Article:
Many of them say the Reagan-era economy has not made their task as representatives any easier. Some districts straddle regions where the benefits of economic recovery vary sharply - a fact that helps quell ideological zeal.
A number of the new members say they still have not figured out how to represent the interests of both rich and poor.
``There are more Lear jets on the runways in Aspin than there are sparrows in the trees, but I've also got Navajo women who don't speak any English yet,'' says Mr. Campbell, whose sparsely populated district covers 53,000 square miles.
``It's a tough district to represent,'' he adds.
Many of the new members talk of building bridges across the ideological spectrum. Campbell - half Northern Cheyenne Indian, Olympic judo champion, trainer of quarter horses, and noted jewelry craftsman - first ran for the Colorado legislature in his conservative district wearing a ponytail. He won.
He cut off the ponytail when he decided to run against the local Republican congressman, Rep. Mike Strang in last fall's election.
And despite Campbell's clear underdog status, he was one of the few challengers in last year's House elections to defeat an incumbent.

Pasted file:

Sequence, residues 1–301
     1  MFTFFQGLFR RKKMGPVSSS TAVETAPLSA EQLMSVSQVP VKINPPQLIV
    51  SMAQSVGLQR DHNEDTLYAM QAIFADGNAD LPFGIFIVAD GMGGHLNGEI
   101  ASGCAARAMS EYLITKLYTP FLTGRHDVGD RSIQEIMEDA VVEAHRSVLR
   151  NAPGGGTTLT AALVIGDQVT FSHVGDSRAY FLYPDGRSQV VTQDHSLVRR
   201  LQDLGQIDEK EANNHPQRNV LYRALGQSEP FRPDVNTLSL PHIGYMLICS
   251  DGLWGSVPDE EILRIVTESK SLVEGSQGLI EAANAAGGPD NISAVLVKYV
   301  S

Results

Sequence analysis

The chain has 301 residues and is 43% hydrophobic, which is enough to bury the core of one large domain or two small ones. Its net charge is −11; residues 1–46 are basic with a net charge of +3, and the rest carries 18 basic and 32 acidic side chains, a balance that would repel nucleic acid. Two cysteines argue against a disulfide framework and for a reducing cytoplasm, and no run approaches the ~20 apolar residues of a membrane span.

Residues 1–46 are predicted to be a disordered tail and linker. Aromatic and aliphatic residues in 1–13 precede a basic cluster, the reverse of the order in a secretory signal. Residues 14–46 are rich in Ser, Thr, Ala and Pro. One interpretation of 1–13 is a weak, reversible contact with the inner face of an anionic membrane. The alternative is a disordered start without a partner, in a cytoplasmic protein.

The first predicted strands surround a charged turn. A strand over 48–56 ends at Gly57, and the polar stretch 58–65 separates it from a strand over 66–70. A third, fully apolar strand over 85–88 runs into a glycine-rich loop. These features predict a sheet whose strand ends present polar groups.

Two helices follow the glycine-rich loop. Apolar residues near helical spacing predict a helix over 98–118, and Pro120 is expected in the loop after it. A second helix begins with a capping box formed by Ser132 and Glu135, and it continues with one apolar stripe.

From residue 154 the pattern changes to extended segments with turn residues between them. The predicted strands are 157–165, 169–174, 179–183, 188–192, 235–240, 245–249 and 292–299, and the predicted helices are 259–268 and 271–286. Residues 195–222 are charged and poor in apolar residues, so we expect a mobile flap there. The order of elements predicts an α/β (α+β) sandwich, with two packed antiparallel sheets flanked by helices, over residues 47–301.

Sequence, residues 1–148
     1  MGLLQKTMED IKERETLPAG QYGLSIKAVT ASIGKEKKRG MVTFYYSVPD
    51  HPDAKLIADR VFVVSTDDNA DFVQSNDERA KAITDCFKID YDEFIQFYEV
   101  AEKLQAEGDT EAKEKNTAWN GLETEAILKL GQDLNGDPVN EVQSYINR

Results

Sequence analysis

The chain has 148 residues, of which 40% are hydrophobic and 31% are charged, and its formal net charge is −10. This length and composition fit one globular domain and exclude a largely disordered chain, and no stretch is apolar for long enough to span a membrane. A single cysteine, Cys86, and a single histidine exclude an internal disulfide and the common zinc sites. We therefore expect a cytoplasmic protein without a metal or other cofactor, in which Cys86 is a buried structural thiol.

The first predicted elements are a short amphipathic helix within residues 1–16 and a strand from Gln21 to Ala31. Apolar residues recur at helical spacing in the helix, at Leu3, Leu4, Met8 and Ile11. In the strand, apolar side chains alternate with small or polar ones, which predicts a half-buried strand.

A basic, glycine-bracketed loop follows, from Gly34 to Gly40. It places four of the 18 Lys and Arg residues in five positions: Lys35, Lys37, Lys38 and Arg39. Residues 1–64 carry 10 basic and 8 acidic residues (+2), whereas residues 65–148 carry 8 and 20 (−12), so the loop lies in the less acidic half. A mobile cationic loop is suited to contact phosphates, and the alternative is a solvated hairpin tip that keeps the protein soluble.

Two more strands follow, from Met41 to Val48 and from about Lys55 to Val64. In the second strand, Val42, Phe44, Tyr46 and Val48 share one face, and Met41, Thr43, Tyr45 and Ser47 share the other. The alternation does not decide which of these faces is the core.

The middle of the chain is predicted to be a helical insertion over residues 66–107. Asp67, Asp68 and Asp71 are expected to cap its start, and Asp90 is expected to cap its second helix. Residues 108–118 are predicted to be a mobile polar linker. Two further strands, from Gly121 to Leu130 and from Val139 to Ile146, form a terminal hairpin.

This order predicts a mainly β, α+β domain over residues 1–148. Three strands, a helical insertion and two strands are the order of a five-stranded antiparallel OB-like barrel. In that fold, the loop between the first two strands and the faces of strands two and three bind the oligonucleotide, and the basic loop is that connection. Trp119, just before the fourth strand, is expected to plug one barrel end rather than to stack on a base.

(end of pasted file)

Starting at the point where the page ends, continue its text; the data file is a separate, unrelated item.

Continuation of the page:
``Neither party has the answer to the big problems,'' he says. So, typical of the Class of 1986, Campbell picks and chooses his positions from those of both parties.
A fiscal conservative - he refused to allow his campaign to assume any debt - Campbell signed up last week to cosponsor a balanced-budget constitutional amendment. But he eschews the budget slicing automaticity of the Gramm-Rudman deficit reduction act.
In their early days as lawmakers, several of the new would-be moderates find themselves picking their way around a veritable mine field of competing interests.
Curt Weldon, the new Republican who succeeds Democrat Bob Edgar as the congressman from Pennsylvania's Seventh District, might like to have asked for a place on the House Education and Labor Committee. But with the endorsements of 29 local labor leaders, as well as the national and local Chamber of Commerce, the former mayor and county commissioner has shied from such an assignment. ``I'd be inundated,'' he says.
Likewise, North Carolina's Ballenger finds himself seeking protective tariffs to shield his state's textile and furniture manufacturers from overseas competitors even though President Reagan, for whom he has campaigned, opposes such measures.
``I'm in a quandary,'' Ballenger says.
Congressman Lewis of Atlanta, who led historic protests throughout the South in the early 1960s, was beaten by segregationists several times and jailed on 40 separate occasions during that period.
Now he is coming to grips with the challenge of representing a district that includes both Atlanta's suburban opulance and urban poverty.
``It is hard to strike a balance,'' Lewis says, echoing the sentiments of his colleagues. ``What we need is a coalition of the middle.''